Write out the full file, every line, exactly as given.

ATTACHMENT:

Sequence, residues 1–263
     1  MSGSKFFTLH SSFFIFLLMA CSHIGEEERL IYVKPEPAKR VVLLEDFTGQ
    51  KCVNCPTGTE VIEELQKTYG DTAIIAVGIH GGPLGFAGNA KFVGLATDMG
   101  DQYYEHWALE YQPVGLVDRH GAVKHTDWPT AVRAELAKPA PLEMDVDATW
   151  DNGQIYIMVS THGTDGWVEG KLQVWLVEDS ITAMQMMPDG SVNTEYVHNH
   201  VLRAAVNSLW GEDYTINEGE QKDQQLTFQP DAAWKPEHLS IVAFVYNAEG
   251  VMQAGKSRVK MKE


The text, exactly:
Sequence, residues 1–263
     1  MSGSKFFTLH SSFFIFLLMA CSHIGEEERL IYVKPEPAKR VVLLEDFTGQ
    51  KCVNCPTGTE VIEELQKTYG DTAIIAVGIH GGPLGFAGNA KFVGLATDMG
   101  DQYYEHWALE YQPVGLVDRH GAVKHTDWPT AVRAELAKPA PLEMDVDATW
   151  DNGQIYIMVS THGTDGWVEG KLQVWLVEDS ITAMQMMPDG SVNTEYVHNH
   201  VLRAAVNSLW GEDYTINEGE QKDQQLTFQP DAAWKPEHLS IVAFVYNAEG
   251  VMQAGKSRVK MKE